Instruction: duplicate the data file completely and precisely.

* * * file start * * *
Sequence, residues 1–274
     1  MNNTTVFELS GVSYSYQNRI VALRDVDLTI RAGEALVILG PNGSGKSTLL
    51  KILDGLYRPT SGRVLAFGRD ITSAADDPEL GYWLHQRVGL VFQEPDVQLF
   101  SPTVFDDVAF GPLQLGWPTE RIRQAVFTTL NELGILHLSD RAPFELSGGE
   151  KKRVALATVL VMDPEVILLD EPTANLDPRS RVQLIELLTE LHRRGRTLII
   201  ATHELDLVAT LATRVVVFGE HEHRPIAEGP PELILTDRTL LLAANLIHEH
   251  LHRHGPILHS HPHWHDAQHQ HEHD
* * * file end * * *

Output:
Sequence, residues 1–274
     1  MNNTTVFELS GVSYSYQNRI VALRDVDLTI RAGEALVILG PNGSGKSTLL
    51  KILDGLYRPT SGRVLAFGRD ITSAADDPEL GYWLHQRVGL VFQEPDVQLF
   101  SPTVFDDVAF GPLQLGWPTE RIRQAVFTTL NELGILHLSD RAPFELSGGE
   151  KKRVALATVL VMDPEVILLD EPTANLDPRS RVQLIELLTE LHRRGRTLII
   201  ATHELDLVAT LATRVVVFGE HEHRPIAEGP PELILTDRTL LLAANLIHEH
   251  LHRHGPILHS HPHWHDAQHQ HEHD